16. “iandemartino says:
    Mar 15, 2016 6:54 PM
    The NFL needs to just write a blank check and pay for any former player’s healthcare. They make enough money and it would pay huge dividends in PR and would delay the inevitable wussification by mitigating the worse effects of this violent game.”

    I completely agree with this, but it doesn’t sound like its good enough for the former players. When I hear the guy say “his thing about not having any limit on the award — well, if you can’t collect the award, what good is it?” I think while he has a point, I also detect an undertone of “those of us who played football before it became a multi-million dollar profession deserve some folding money in our old age”.

  17. what a joke. theirs little to no evidence that concussions are actually real and here u have these people trying to railroad the shield. thankfull we have the commish takin the lead on this!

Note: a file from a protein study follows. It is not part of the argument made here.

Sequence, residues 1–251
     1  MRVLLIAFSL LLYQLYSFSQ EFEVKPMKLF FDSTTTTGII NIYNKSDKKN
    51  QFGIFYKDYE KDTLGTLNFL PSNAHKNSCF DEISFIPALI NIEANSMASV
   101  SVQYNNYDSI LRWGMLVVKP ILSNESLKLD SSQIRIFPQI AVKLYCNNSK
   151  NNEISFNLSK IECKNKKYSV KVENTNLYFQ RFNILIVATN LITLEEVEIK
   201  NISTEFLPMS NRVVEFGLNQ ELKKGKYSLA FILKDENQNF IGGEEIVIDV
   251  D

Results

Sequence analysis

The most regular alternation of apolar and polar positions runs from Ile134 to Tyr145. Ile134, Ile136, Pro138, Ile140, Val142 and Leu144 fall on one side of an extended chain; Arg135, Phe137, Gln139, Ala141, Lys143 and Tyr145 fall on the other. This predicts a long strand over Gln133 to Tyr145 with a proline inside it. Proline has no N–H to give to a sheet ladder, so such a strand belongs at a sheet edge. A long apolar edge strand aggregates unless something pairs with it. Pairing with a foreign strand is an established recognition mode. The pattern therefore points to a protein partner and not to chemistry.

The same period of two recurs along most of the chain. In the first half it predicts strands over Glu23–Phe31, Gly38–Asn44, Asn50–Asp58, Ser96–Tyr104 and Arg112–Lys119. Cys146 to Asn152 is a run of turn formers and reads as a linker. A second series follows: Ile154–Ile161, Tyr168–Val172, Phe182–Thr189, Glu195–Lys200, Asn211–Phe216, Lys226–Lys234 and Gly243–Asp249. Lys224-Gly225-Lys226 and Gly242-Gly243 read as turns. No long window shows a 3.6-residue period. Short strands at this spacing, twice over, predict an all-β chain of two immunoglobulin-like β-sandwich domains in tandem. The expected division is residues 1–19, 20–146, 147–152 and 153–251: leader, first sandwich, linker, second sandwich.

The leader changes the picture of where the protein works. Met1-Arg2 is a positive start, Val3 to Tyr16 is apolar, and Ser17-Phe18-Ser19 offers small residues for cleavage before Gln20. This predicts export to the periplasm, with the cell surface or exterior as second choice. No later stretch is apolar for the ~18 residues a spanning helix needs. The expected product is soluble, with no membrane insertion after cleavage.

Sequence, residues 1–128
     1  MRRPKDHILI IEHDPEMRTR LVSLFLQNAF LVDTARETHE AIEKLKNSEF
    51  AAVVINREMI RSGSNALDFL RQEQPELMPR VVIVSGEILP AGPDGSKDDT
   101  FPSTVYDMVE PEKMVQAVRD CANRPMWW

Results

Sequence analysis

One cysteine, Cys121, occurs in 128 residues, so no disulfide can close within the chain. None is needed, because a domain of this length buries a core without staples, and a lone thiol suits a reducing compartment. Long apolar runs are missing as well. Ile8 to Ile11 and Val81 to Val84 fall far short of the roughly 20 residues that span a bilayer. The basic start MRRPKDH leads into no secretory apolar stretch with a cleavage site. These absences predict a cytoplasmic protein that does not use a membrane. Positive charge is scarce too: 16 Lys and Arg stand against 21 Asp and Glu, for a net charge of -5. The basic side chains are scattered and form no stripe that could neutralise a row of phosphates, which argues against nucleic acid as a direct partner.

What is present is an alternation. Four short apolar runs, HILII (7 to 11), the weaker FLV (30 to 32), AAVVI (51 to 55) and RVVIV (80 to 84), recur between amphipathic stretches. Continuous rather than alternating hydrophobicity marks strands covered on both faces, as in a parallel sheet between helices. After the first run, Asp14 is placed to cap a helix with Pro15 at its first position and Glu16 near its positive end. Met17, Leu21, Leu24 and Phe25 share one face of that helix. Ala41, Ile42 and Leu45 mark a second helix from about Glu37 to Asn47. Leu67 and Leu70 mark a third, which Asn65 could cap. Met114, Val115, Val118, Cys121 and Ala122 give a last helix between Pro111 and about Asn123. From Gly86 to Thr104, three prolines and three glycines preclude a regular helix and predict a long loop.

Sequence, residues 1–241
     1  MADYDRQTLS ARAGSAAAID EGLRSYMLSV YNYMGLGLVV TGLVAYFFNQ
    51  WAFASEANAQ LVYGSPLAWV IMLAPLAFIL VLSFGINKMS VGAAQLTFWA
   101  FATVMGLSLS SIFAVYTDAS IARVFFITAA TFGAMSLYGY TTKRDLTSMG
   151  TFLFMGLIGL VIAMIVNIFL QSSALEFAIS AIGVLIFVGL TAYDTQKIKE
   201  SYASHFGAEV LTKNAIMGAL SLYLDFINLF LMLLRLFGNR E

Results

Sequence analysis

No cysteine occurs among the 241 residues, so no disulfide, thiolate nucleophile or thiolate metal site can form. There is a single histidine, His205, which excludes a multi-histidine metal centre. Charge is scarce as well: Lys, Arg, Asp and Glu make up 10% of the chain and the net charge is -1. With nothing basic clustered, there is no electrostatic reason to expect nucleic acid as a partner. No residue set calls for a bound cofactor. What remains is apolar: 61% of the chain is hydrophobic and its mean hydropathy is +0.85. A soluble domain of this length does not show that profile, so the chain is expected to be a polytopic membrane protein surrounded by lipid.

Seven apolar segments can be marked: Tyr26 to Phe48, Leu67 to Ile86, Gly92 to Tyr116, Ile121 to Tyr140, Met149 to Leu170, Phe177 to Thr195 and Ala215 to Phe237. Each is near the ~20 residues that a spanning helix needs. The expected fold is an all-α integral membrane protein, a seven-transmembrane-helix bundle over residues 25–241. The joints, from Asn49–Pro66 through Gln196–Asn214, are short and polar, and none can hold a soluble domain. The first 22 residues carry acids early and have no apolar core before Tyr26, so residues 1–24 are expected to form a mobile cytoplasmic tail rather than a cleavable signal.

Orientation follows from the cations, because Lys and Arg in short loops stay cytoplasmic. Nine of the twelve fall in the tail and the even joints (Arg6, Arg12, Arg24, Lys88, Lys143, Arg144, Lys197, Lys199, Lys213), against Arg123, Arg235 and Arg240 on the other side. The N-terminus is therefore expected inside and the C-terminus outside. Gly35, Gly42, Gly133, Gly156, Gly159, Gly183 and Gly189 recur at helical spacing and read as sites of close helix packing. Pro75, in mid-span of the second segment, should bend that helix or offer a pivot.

18. If this continues to be an NFL versus NFLPA or retired players battle, everyone is going to lose. They had better learn to work together on this. The NFL’s revenues are currently $12-13 billion dollars per year. The largest insurance companies have revenues ten times that amount. Once the insurance companies stop selling policies … goodbye football as we know it. I’m not sure how you make the sport safer, with the size and speed of athletes continuing to increase, but the reality is, concussions are caused by the collision between the brain and the skull, and as long as there are collisions to the head, coming faster and with more mass behind them, things are going to get worse.

  19. You can tell he has brain damage because it looks like he’s wearing a Vikings helmet.